Of course you can recreate such a rigid sequential system on the internet also. No one forces you to use hypertext and hyperlinks. But on the Web, these hyperlinks are - apart from the address bar, of course - the only way to get from one page to the next. You can attempt to restrict the flow of text and to guide the reader into following a sequential rule, but these attempts are rather anachronistic, still the user will be able to go back in the history of his browsing activity. So just forget the idea of not allowing the user to browse just in one direction. The web is not like a book. It still has sequential properties (just as a web page would contain text, and reading would mean to follow the words in the order the sentence wants the reader to), but the basic character of the inter-net is hyper-textual.

Hypertext is a more open form of text, it is above the usual understanding of text, coming much closer to the post-modern idea of the discourse. A truly hyper-textual piece would open up your potential infinitely, allowing you to "click" on each and every object in order to be brought to a different site, related to the one you came from. Each object would visibly open up into a discourse, true hypertext thus would be endless and - finally - incomprehensible just because of its sheer scope. Each drop would indeed lead to the ocean. But the hypertext found on the internet is (still) a much tamer version of this ideal.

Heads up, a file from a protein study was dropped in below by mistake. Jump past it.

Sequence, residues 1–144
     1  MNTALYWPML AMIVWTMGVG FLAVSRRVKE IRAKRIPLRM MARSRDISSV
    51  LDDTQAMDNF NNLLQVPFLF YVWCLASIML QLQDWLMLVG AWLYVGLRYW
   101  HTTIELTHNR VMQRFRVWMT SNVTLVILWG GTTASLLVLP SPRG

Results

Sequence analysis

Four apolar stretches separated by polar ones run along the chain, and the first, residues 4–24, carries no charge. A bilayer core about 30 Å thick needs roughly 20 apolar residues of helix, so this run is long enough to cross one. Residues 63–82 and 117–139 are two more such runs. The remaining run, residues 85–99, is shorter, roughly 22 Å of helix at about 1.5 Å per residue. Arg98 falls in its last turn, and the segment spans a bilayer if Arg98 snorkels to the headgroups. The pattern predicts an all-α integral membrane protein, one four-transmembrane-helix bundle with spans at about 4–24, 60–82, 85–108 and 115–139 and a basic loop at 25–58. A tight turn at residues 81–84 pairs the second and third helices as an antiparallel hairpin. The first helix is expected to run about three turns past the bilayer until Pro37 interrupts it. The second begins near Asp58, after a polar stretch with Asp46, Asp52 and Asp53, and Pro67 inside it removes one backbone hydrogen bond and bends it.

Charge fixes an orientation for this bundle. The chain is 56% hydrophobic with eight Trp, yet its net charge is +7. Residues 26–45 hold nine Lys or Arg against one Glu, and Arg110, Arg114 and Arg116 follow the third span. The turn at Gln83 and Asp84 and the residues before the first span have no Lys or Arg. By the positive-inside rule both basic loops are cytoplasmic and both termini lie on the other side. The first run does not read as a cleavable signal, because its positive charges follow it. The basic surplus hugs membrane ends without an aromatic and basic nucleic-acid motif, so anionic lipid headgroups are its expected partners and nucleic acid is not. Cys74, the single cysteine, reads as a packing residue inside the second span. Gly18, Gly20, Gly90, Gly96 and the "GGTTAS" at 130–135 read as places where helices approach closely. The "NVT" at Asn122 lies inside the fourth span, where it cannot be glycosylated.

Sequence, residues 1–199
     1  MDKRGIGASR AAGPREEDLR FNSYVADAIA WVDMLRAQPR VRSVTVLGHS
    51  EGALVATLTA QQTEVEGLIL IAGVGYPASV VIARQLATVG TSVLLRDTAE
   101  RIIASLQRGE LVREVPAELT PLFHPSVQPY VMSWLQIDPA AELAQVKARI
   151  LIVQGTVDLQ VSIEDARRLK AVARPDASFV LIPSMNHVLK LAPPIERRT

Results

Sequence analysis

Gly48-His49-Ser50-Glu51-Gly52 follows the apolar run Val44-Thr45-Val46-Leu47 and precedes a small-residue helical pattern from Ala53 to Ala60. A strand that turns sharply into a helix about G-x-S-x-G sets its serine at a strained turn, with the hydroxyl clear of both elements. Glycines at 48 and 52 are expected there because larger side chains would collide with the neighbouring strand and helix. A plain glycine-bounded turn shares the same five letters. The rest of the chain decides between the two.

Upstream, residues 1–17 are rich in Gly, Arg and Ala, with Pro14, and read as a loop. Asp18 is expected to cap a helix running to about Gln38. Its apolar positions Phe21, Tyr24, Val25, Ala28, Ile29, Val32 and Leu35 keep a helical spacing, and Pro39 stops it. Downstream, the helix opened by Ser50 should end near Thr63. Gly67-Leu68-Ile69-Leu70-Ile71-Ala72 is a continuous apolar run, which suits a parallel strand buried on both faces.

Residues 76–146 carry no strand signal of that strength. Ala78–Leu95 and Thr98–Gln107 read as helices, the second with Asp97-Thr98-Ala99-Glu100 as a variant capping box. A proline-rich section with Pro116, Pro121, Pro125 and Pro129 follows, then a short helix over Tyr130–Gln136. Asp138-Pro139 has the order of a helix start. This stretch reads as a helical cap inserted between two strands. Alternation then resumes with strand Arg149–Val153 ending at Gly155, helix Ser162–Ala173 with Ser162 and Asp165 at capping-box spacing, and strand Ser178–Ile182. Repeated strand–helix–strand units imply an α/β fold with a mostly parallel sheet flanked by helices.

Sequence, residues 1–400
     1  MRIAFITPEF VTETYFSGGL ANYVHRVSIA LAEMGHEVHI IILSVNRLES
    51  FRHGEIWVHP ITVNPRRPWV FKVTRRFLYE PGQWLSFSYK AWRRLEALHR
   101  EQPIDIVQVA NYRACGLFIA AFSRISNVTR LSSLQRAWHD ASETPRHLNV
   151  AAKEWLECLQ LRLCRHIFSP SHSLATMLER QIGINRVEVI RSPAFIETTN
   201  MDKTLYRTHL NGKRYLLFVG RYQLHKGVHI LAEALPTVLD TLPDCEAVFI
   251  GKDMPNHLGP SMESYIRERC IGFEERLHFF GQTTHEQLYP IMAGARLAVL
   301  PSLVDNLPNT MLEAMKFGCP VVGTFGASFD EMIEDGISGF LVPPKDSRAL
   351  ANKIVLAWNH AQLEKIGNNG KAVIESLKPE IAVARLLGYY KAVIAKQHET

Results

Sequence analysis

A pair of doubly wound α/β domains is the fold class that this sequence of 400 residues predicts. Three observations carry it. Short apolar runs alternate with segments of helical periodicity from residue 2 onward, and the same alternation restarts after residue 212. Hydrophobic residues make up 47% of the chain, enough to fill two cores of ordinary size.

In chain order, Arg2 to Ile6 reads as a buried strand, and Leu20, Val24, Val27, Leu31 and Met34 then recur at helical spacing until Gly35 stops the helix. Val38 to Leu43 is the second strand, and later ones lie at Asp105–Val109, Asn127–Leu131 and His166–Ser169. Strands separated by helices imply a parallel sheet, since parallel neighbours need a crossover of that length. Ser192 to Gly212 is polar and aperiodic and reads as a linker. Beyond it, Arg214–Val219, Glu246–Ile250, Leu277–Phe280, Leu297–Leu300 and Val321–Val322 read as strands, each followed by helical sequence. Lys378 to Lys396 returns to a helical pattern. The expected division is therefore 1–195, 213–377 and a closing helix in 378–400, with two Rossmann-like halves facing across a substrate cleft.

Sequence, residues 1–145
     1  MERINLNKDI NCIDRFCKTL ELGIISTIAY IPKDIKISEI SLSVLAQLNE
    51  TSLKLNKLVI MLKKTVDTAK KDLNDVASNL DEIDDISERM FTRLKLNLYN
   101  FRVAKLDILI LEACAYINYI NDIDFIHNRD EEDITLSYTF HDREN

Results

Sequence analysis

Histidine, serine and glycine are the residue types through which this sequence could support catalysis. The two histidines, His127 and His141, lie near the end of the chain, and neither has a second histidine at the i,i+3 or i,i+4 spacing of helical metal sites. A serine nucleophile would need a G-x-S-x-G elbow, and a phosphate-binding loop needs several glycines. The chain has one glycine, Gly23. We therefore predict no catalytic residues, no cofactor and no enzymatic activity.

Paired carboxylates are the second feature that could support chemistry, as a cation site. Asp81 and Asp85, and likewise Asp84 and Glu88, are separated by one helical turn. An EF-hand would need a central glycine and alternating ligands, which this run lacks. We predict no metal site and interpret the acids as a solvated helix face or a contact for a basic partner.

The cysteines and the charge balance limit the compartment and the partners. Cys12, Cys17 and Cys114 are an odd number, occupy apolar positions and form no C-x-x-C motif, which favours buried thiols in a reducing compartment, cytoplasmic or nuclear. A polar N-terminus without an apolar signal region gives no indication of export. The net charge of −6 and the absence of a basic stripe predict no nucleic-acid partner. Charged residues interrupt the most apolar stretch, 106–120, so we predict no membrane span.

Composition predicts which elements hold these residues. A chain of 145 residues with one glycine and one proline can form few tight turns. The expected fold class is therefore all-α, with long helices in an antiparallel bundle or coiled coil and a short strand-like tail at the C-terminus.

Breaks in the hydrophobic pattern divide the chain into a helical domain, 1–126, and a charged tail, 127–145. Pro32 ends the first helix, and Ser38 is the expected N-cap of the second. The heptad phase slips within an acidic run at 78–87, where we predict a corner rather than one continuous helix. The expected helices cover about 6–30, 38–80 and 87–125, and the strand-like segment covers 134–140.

Hypertext on the internet also means a lack of control on the provider side. Links leading outside of your web site, off your territory, will lead the user into different surroundings, into a different system. Thus the internet user has to be flexible, has to adapt to the new surroundings if he (or she) wants to succeed in finding the desired content. You may be able to create a corporate design for your own pages, but there cannot possibly be a corporate design for the entire internet. The net is chaos, loosely held together by an utmost minimal amount of order. In this infinite web of text and hypertext, it is even more important for a webmaster to create something making a good and solid and appealing appearance. A first glance at your site may be all you get. To ensure it won't be the last, you better do your job right in both content and form.

May 20th, 2000

4: Purpose: The Offer